Hey Tyre:: Most of them are silent…. The crisis in Lebanon is increasing violence against women!!


“The crisis is reflected in violence against women… and the majority is silent!It was stated in Asharq Al-Awsat:

Sarah, who lives in the capital, Beirut, hears almost daily the voice of “the neighbor’s talk of barbarism,” as she puts it, scolding and verbally abusing his wife at other times and hitting his children at other times.

The neighbor’s profanity and screaming rocked the walls of the 9-storey building, as Sarah described, “Why is there no hot water to shower… Why lunch wasn’t prepared… Get out of my face”… Very ridiculous reasons for him to explode like a bomb It ticks before we hear the smashing of glass or the screaming of children, she tells Asharq Al-Awsat.
She adds, “We, the neighbors, are not sure if he beats his wife, but the hurtful words he utters to her are worse than hitting!” She asserts that the man was not that nervous before 2019, that is, before the economic crisis, “we rarely heard his voice,” according to her.

She tells that it has become more severe with the increase in crises one after another, “even this year he moved his children from the private school to the public school near the house,” according to Sarah, who noticed that the school uniform for the boys had changed and the school bus no longer took them every morning.
None of the neighbors informed the security forces or the competent authorities, and according to Sarah, “every family has enough concerns.”

According to the statistics of the Internal Security Forces regarding the number of domestic violence complaints calls received to the hotline, the number of domestic violence complaints until November 2021 is 1,184, including 677 complaints out of 1,184 for reporting spousal violence, while the percentage of domestic violence reports that 57 percent of the abused women themselves, compared to 40 percent, were carried out by family members and/or neighbours.

In another house in Hay al-Salam area, housewife Um Ali lives with her five children and a “nervous” husband, as she describes it to “Al-Sharq al-Awsat.” She says: “He does not hit me in the sense of beating. …this is the nature of men who need venting.”

According to Um Ali, who is in her forties, “the man’s nervousness increased with the exacerbation of the daily crises, as his salary became insufficient for the basics, not even food and drink.” She adds: “The summer passed us like hellfire between the fuel crisis, the rise in prices and the power cuts for long hours… The woman breathed her anger out. By talking, praying, and screaming, as for the man, he does not resort to this way, but rather hits, insults, or breaks.” She adds, “It is natural for him to get angry and vent his anger in these circumstances!”

According to a statistical study carried out by Abaad Organization, one out of two women in Lebanon considered that protecting women should be a priority during the current crisis that the country is going through.

Sociologist Dr. Nizar Haidar explains to Asharq Al-Awsat that “the high rates of verbal and physical violence against women and women began to rise with the stone during the Corona period and increased remarkably with the deterioration of the economic situation in Lebanon.”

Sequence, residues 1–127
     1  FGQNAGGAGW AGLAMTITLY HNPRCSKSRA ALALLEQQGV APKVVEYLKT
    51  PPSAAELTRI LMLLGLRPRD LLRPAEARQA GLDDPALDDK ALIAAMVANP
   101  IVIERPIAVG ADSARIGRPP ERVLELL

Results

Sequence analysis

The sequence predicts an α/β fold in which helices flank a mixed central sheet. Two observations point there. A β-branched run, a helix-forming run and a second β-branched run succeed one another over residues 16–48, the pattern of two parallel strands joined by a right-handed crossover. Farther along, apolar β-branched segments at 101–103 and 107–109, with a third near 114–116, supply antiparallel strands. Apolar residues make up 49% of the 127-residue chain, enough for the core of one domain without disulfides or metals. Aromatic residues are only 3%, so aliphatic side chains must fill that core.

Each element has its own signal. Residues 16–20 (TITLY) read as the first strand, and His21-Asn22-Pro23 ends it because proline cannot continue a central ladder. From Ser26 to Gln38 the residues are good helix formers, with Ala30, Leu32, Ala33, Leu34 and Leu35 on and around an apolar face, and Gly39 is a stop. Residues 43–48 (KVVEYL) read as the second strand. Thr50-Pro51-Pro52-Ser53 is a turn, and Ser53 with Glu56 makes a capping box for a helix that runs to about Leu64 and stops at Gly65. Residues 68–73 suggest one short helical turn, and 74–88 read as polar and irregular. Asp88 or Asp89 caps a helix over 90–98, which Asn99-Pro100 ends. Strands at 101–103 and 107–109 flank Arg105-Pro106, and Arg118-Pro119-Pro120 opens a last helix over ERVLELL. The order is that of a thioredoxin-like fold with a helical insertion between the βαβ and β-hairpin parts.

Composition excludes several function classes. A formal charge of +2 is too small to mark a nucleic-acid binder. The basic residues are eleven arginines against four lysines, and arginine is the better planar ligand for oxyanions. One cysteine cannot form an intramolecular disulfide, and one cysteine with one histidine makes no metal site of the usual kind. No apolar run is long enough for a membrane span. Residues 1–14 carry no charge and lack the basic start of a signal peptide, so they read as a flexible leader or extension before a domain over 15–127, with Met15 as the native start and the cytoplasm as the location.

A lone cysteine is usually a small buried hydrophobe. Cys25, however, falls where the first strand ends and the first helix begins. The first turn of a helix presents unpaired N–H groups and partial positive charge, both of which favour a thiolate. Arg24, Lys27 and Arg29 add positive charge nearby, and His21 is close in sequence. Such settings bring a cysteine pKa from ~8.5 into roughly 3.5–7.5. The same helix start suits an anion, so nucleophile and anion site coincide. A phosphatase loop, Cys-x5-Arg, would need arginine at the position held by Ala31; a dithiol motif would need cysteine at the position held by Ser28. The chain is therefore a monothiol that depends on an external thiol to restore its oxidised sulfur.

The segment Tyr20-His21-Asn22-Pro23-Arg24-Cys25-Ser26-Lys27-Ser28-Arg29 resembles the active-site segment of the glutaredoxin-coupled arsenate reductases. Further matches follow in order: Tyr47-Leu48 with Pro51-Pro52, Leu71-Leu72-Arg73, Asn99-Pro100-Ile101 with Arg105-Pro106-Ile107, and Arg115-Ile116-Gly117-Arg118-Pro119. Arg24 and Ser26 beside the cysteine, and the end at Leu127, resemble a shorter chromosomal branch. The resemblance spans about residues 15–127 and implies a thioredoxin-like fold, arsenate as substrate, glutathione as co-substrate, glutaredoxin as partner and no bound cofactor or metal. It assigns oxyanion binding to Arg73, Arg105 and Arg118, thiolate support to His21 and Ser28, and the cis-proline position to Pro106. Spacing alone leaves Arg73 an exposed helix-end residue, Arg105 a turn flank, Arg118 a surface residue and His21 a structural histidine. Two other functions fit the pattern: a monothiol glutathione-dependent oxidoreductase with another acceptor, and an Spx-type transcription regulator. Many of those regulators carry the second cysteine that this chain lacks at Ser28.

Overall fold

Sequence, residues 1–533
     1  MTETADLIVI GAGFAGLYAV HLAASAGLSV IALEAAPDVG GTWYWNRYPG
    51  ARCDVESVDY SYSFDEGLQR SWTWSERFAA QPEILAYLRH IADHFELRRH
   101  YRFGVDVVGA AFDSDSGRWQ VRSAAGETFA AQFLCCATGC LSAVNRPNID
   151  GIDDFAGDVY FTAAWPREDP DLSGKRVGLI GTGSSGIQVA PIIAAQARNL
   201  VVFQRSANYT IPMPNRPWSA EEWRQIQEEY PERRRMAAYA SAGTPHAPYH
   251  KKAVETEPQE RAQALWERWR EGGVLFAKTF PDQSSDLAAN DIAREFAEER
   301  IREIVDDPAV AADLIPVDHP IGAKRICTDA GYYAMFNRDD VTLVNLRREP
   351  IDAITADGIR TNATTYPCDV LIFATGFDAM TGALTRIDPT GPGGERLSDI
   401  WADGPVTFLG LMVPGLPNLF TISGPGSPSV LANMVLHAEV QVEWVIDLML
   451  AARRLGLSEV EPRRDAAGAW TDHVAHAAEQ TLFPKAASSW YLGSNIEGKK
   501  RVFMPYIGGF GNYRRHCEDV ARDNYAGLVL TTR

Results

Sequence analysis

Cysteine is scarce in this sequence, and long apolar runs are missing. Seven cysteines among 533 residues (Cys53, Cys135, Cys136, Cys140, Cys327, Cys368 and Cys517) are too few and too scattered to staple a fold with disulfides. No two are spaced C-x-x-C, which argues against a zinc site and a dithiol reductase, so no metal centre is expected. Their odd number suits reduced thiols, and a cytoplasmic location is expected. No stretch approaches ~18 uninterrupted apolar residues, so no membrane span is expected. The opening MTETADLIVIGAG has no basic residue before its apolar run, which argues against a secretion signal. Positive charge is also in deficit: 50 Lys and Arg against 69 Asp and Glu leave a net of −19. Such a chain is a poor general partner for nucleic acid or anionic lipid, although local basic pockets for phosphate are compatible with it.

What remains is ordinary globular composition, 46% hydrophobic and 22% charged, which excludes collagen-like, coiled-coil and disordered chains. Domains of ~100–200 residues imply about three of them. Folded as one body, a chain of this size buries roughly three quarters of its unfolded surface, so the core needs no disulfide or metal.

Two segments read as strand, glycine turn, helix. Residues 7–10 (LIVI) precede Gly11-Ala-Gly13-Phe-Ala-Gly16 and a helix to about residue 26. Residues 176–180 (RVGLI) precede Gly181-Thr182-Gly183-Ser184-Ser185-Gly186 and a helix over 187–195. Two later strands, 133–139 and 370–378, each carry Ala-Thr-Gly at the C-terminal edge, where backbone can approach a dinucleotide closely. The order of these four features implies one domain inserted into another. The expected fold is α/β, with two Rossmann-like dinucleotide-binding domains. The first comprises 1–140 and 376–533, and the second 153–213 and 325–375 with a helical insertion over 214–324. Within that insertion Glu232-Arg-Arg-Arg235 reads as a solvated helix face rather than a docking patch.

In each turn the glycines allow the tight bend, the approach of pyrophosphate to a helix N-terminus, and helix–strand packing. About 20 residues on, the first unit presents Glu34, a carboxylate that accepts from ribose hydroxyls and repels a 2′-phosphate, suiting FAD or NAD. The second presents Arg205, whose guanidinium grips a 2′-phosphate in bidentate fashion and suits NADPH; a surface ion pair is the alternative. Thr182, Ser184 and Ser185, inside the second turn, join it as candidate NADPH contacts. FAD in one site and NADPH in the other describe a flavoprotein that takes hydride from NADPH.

Haidar explains that “the economic crisis has proven its impact on all aspects of the lives of the Lebanese people, including the rise in the exchange rate of the dollar and the loss of the Lebanese pound’s value, the loss of many Lebanese jobs, and the life crises of the rise in the price of medicine, diesel, gas and gasoline… all of them are crises that put the individual in inability to Securing the requirements of life, and in the absence of an alternative, he resorts to clashing with his family, that is, his wife and children, which leads to verbal and sometimes physical violence.

While the rates of violence are likely to rise more the more the economic crisis intensifies, he warns that “this rise may eventually lead to suicide, whether it is for the abuser or the abused,” and highlights the need not to overlook the psychological stress factor caused by the crisis on the Lebanese people as a whole. .

According to the “Abaad” study, 96 percent of young girls and women residing in Lebanon who were subjected to domestic violence during 2021 never reported such violence. In this context, Haider stresses the need for battered women to raise their voice, and says: “It is unacceptable for a woman to bear any kind of violence. She should never remain silent about that, but on the contrary, she must inform the authorities that can protect her.”

While two out of the 5 women included in the study confirmed that they do not report because of fear of the perpetrator’s reaction, Haidar says, “Women are afraid that the reaction of the abuser will reach the point of killing, and this is what unfortunately happens in our societies and we have witnessed many similar cases, Where the man justifies killing his wife because of the honor killing.”

Haidar also talks about “a woman’s fear of society in the event that she is exposed to violence,” and points out that “women are always afraid of losing their children, so most of the time they remain silent about all forms of violence, negligence or insult. There are also women who consider that this is the nature of a man and that he was born violent and has the right to beat his wife.”


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